Blog by Sumana Harihareswara, Changeset founder
I have finished several books recently, such as Mostly Harmless…
Hi, reader. I wrote this in 2003 and it's now more than five years old. So it may be very out of date; the world, and I, have changed a lot since I wrote it! I'm keeping this up for historical archive purposes, but the me of today may 100% disagree with what I said then. I rarely edit posts after publishing them, but if I do, I usually leave a note in italics to mark the edit and the reason. If this post is particularly offensive or breaches someone's privacy, please contact me.
I have finished several books recently, such as Mostly Harmless (which I understand much better than I did ten years ago, and which touches me) and Jacques Pepin's memoirs and Ved Mehta's essay collection. I hope to tell you about the Mehta and Pepin books soon. Right now I'm reading Crescent, a delicious to-be-published novel by Diana Abu-Jaber. But for now: the Sally Lockhart series by good old Phil Pullman.
Half a year ago, as Leonard celebrated his birthday in Bakersfield with bouts of nausea, I devoured The Ruby in the Smoke, staying up late to eat one fudge-dipped strawberry page after another. The next day I had to drive up to SF, tired and silent (Leonard couldn't talk much), and I waited six months more to move on to The Shadow in the North, The Tiger in the Well, and the guest-starring-Sally-Lockhart The Tin Princess. I read all those in about a week. They entranced me even as each successive book got on my nerves more and more.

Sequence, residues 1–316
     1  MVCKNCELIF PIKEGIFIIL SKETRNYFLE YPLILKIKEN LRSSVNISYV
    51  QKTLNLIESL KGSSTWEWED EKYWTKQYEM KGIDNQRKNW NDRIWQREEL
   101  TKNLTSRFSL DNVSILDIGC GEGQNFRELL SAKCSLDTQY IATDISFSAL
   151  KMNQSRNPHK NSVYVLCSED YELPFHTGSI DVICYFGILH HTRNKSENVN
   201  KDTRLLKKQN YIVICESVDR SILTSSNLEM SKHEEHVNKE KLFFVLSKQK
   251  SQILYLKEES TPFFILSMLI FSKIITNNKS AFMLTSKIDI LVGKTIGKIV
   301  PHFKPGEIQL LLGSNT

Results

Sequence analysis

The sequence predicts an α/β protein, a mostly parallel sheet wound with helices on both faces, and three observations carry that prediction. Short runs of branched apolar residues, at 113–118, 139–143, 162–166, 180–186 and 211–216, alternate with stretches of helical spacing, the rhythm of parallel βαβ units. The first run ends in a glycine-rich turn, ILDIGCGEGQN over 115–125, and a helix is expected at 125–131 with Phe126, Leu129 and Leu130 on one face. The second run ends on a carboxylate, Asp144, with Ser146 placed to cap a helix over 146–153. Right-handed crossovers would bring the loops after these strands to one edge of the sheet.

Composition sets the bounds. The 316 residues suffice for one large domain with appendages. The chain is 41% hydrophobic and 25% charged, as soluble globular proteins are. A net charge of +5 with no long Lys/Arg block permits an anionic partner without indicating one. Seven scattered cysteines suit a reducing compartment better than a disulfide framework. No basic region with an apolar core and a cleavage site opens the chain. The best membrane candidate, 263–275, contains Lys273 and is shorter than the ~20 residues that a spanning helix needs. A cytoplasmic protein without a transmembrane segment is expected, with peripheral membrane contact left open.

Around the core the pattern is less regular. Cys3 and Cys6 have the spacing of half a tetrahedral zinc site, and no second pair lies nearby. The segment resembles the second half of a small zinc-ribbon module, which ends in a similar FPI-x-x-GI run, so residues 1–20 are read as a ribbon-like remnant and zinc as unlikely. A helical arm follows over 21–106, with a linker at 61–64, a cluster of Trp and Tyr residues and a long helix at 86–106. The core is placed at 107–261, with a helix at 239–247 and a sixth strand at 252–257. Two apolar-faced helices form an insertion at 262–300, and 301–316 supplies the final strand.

Pullman uses his share of Connie Willis-like plot contrivances that only frustrate the protagonists and reader. Adelaide in particular fulfills Ebert's Law of Economy of Character Development. But even that I can forgive when he pulls (ha) it off, which he often does. (Warning: The Tin Princess especially suffers from Willis Disease, being Pullman's non-supernatural novel of international intrigue and warfare. Anticlimactic ending, too.)
The thing that really made me gape was a subplot in The Tiger in the Well, where Pullman enlists turn-of-the-century socialism and his plot in each other's service. It's Bizarro Ayn Rand. In a climactic showdown with the villain, Sally tells him (paraphrase): "You're not evil. I've seen evil. Evil isn't exotic. Evil doesn't have an accent. Evil is five children living in one room, families who don't have enough to eat..." It's didactic and disorienting, but doesn't quite overpower the plot.
Leonard envisions a scenario where someone confronts Dr. Evil (of the Austin Powers movies) with this speech, and Dr. Evil realizes that his pro forma evil was not really evil, and in fact is cancelled out by his philanthropic works.